G.M. Reveals C.E.O.’s Pay Details to Counter Gender-Bias Criticism

Mary T. Barra, chief executive of General Motors, will earn as much as $14.4 million in compensation during her first year on the job, the company said on Monday.

The automaker made her compensation package public two months ahead of schedule in response to criticism from politicians and media commentators in recent weeks that Ms. Barra, the first female chief executive of any automaker, would be paid less than her predecessor, Daniel F. Akerson.

The announcement came less than two weeks after President Obama made studies showing that women earn 77 percent of what men make a central issue in his State of the Union address.

“The company released the full figures ahead of its proxy filing in April to correct misperceptions created by comparisons that used only a portion of Barra’s overall compensation,” G.M. said in a statement on Monday.

The amount of compensation revealed in January — $1.6 million in salary and $2.8 million as part of the company’s short-term incentive plan — will most likely be a small part of Ms. Barra’s earnings, but it was used by media outlets as a baseline comparison to the about $9 million Mr. Akerson earned in compensation last year.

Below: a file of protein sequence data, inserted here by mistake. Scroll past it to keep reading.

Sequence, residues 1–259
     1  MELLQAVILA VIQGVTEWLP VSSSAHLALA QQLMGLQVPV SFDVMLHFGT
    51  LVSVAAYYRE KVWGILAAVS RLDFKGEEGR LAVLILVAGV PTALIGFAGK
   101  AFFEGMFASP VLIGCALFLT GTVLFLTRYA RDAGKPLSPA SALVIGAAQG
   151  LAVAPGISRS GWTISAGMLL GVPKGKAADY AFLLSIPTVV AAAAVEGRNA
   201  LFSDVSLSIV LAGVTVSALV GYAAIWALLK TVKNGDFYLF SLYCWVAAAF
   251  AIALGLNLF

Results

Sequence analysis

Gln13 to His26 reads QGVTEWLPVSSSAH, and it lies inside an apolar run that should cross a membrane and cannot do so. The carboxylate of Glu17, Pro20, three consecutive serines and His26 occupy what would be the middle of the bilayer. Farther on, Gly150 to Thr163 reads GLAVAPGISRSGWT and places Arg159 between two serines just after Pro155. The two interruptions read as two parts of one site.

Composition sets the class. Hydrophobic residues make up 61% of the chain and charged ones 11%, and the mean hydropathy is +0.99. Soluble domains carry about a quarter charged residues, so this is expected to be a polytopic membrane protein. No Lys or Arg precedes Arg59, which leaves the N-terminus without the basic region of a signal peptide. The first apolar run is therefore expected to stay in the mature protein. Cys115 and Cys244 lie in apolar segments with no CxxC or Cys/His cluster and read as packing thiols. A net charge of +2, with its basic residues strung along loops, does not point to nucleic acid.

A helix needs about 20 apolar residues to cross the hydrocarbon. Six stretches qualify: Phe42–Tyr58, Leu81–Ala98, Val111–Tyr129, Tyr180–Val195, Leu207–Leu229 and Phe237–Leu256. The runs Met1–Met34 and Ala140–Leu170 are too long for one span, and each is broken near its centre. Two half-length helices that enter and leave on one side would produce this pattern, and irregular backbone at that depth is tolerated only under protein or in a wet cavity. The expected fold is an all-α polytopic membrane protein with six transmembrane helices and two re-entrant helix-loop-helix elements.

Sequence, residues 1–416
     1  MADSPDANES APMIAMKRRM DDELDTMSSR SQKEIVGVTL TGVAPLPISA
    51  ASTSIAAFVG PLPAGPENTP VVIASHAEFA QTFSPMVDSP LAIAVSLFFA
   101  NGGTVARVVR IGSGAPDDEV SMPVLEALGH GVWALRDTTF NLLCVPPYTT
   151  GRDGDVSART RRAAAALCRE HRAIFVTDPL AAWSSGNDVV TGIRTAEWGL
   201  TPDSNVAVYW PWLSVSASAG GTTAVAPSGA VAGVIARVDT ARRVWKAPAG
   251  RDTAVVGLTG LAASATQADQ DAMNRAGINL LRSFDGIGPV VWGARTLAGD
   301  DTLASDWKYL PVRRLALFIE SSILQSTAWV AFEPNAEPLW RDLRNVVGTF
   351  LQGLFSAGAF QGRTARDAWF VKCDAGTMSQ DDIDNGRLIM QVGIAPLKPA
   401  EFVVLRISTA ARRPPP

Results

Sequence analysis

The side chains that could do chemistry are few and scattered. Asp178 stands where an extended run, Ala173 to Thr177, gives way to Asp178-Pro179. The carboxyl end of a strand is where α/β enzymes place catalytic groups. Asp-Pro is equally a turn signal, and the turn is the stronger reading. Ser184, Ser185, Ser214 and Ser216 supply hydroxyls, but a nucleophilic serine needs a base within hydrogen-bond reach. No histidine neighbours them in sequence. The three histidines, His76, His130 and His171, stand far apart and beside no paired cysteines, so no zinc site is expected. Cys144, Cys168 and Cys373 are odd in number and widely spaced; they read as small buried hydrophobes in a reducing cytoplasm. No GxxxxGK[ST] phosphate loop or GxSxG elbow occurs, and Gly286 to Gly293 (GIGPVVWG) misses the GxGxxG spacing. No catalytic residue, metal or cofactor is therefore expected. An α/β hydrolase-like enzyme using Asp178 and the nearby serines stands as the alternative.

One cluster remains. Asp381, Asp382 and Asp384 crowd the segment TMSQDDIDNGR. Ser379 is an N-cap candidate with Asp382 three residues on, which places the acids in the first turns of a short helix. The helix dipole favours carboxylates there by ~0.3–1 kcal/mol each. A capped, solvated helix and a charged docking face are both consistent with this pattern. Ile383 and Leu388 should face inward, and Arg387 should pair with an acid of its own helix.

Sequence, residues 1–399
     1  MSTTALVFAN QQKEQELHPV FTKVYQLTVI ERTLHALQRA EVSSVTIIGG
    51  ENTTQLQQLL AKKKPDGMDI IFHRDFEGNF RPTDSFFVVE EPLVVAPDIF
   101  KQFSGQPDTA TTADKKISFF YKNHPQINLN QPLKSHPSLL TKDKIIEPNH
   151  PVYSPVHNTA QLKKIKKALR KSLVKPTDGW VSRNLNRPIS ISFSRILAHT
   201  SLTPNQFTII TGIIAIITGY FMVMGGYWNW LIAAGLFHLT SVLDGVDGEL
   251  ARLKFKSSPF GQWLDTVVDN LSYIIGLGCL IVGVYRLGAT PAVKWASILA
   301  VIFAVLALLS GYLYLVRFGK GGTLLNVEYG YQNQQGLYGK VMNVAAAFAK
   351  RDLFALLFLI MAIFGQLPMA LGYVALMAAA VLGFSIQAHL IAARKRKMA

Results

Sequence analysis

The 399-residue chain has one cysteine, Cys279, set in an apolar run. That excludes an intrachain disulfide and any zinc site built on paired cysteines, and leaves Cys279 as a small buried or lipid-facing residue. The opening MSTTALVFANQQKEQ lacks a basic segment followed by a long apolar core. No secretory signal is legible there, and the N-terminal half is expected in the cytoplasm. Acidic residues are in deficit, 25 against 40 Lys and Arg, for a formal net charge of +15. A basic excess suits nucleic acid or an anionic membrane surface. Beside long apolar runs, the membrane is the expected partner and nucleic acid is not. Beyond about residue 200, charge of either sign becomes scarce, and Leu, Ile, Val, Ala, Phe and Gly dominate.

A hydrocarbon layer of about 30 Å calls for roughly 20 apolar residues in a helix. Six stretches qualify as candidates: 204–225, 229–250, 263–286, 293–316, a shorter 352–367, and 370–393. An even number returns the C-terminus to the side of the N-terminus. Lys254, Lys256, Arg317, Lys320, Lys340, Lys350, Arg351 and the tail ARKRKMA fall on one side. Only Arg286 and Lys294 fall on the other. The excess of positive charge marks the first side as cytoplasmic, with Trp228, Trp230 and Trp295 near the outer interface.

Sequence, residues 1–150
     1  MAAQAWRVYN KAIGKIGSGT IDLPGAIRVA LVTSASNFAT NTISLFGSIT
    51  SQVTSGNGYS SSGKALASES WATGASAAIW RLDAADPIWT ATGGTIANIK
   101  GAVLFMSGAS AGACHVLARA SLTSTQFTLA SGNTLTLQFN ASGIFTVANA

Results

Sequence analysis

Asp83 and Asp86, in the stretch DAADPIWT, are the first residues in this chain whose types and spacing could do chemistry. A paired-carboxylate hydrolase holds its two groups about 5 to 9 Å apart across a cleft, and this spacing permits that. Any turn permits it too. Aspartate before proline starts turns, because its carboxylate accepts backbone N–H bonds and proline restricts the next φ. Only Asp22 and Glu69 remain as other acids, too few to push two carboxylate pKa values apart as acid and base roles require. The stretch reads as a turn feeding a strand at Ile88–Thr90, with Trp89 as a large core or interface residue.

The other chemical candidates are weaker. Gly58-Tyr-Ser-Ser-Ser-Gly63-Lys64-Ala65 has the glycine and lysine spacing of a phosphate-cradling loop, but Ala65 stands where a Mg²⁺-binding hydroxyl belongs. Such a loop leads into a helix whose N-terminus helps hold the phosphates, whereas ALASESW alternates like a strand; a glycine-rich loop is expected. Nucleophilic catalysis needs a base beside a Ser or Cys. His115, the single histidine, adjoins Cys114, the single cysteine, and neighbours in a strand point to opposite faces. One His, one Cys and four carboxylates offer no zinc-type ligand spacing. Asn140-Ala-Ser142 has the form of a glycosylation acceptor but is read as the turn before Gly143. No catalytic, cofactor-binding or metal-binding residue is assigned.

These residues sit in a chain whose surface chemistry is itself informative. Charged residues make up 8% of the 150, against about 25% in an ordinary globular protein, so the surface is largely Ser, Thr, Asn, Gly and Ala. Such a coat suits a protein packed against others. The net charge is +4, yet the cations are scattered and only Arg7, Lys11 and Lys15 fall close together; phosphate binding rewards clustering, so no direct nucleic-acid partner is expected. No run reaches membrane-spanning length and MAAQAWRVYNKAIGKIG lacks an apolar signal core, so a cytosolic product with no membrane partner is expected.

The total package Ms. Barra stands to receive in her first year as chief executive represents a 60 percent increase over what Mr. Akerson earned in his final year on the job.

Executive compensation at G.M. was capped by the Treasury Department until the government sold its remaining stake in the automaker in December.

“While one never knows what conversations/decisions take place in the boardroom, the absence of government ownership makes G.M. a different company now than when other recent C.E.O.s were appointed,” both in terms of governance as well as compensation, Steven Hall, principal at the executive compensation firm Steven Hall & Partners, said in an email.

About $10 million in Ms. Barra’s long-term compensation will be voted on by G.M. stockholders at the company’s annual meeting in June, the company said, but that vote is not binding.

“As a new C.E.O., Mary’s total compensation is in line with her peer group 

and properly weighted so that most is at-risk,” G.M.’s chairman, Theodore M. Solso, said in a statement on Monday. “The company’s performance will ultimately determine how much she is paid.”

Ms. Barra, who most recently served as the company’s vice president for global product development, became chief executive on Jan. 15.

Compensation for G.M.’s five highest-ranking executives will be released in G.M.’s proxy filing in April.